From gym fees to spa fees to game rentals, any hotel fees not necessary for your work are non-deductible. Be sure to keep your hotel bill and look it over to see what is and isn’t business related. Keep in mind that, while room fees, phone fees, tips, and laundry are considered necessary, many of the extras are not.

4: “Lavish or Extravagant Expenses”

The IRS isn’t exactly clear on what “lavish and extravagant” is, but they do say that, “an expense isn’t considered lavish or extravagant if it’s reasonable based on facts and circumstances”. This does tie in to the last two notes, as obviously anything that isn’t necessary cannot be considered a normal business expense. If it isn’t directly allowing you to work, or keeping you fed, it may be considered unnecessary.

5: Vacations

This may be obvious, but you cannot deduct personal travel as a business expense. While many of us do work even while on the road, that doesn’t make the entire vacation stay immediately deductible. It’s a bit of a foggy area, but keep in mind that, should you work on vacation, you can only write off the expenses necessary to get your work done, and only if it is consistent, standard work for you. Taking one business-related call wouldn’t count but working at your laptop for the day while at the beach would.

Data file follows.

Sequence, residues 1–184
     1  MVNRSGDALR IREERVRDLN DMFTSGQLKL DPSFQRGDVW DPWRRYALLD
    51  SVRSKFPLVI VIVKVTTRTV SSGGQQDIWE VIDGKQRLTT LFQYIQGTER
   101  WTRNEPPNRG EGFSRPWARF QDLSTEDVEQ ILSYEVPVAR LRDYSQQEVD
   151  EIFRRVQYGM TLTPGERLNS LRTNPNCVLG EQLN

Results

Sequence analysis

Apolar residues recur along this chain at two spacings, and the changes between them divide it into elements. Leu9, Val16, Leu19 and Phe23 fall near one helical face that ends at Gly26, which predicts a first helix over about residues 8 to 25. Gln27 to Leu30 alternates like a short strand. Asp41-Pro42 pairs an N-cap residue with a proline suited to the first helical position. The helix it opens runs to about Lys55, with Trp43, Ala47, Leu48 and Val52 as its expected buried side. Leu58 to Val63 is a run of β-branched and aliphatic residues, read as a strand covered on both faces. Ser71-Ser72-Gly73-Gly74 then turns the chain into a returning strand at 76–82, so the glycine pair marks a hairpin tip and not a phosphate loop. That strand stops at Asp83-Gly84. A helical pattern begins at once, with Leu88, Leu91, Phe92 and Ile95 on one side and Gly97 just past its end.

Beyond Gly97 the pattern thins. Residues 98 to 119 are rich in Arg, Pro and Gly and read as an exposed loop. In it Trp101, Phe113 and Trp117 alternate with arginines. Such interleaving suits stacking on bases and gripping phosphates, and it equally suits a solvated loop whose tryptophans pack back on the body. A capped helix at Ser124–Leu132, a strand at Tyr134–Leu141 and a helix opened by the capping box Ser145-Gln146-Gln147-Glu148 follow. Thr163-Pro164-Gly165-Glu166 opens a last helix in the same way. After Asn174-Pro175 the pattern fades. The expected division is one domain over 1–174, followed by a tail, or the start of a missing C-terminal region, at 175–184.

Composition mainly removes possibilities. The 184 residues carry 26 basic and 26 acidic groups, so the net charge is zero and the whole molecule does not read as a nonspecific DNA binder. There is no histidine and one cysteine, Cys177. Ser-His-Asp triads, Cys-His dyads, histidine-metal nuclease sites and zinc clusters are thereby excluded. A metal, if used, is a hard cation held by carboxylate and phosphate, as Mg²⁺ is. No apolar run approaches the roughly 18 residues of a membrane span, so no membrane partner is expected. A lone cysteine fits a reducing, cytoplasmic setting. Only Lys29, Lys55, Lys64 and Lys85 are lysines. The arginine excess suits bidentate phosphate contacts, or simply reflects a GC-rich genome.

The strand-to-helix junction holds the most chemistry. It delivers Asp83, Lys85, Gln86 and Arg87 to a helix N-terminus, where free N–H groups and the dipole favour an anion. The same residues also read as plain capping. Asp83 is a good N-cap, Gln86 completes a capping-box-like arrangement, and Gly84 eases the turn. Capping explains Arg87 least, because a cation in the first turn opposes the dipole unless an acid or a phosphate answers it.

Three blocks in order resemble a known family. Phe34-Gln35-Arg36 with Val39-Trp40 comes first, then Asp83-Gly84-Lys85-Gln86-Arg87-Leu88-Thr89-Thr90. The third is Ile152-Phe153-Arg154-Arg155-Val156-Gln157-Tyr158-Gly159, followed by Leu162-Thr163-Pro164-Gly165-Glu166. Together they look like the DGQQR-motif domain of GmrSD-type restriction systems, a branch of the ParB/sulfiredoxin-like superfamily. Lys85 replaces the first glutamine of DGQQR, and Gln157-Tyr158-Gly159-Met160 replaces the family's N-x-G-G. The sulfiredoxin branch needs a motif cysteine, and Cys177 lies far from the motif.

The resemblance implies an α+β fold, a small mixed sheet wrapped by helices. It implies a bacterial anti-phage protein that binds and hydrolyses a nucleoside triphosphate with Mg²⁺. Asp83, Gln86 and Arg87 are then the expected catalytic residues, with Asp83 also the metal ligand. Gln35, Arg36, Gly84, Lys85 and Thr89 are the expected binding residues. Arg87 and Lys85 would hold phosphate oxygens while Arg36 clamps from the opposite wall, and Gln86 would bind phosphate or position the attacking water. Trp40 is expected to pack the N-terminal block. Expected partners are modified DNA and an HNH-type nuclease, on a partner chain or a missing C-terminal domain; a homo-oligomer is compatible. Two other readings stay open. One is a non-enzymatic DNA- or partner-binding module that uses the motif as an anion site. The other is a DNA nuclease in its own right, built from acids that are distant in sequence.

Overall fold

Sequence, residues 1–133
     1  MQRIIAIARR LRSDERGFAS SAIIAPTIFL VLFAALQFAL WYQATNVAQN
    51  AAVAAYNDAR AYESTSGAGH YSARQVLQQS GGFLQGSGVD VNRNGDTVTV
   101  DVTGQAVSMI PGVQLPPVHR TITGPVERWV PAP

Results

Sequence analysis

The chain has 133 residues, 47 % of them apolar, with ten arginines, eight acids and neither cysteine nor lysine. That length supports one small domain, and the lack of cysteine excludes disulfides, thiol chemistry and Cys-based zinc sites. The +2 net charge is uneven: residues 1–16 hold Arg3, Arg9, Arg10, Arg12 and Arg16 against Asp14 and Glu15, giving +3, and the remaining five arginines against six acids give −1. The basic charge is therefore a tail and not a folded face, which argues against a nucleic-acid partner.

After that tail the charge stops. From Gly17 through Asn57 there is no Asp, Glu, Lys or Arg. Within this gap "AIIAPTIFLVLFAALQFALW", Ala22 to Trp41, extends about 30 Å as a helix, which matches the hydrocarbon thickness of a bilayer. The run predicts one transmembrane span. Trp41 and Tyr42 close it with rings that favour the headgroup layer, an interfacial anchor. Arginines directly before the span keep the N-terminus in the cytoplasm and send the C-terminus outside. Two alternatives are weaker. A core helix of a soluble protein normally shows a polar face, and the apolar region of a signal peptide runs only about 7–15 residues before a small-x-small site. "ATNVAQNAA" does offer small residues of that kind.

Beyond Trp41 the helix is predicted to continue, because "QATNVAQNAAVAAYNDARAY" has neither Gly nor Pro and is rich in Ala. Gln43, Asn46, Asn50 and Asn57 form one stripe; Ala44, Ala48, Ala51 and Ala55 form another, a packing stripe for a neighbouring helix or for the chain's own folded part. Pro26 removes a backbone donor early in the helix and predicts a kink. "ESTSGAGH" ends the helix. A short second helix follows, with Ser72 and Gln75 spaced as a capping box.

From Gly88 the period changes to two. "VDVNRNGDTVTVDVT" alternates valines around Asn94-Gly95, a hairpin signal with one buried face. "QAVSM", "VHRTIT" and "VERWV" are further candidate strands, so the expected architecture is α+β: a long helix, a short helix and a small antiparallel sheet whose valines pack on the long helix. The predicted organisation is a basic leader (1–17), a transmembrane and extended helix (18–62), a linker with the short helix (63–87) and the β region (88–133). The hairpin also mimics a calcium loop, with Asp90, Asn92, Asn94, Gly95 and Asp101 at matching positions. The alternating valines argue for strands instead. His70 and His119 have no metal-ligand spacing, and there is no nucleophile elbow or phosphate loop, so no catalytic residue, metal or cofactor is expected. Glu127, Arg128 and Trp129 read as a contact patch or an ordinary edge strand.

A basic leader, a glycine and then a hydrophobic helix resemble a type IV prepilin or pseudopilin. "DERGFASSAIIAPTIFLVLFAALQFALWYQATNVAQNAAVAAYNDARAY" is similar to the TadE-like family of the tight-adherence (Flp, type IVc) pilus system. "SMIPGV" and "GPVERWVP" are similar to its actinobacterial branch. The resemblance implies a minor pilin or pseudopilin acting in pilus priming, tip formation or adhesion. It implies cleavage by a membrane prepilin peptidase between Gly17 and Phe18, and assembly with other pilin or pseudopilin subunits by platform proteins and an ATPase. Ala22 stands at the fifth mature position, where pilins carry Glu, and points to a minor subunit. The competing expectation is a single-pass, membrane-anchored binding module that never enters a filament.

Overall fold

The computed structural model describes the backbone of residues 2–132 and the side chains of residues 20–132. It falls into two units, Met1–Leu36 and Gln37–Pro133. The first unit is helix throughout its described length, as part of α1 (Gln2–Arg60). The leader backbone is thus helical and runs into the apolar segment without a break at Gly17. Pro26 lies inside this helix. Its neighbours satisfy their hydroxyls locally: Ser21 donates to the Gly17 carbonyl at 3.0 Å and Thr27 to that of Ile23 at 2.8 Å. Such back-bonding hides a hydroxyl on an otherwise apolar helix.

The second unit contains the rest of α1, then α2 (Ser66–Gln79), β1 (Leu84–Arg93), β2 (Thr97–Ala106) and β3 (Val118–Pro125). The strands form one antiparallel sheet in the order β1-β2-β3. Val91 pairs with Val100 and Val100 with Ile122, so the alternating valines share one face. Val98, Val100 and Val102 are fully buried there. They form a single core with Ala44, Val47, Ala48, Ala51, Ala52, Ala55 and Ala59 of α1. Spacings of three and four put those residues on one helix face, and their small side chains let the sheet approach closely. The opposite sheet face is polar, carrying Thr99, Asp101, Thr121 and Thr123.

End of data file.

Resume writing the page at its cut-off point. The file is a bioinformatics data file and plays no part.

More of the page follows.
6: Compensated Travel

It may seem obvious, but if your travel is being paid for by a client or employer, you cannot write it off your taxes. If, for example, you’re presenting at a conference and the event planner pays for your travel and hotel stay, you cannot deduct it from your taxes. After all, those fees did not come out of your own pocket, therefore they aren’t your responsibility to claim, but they would, however, be your client’s expenses.

Some things to keep in mind: not every trip on which you work technically counts as a business trip. As mentioned above, if you just so happen to work while on a trip, that itself doesn’t count. The IRS states that, for a trip to be considered business travel, not only must you work regular hours, but the trip itself needs to relate to business. This could range from anything such as attending a conference to the classic picture of a writer booking a secluded cabin to work on their manuscript. The trip must also last less than a year, as anything longer would be considered living in that place.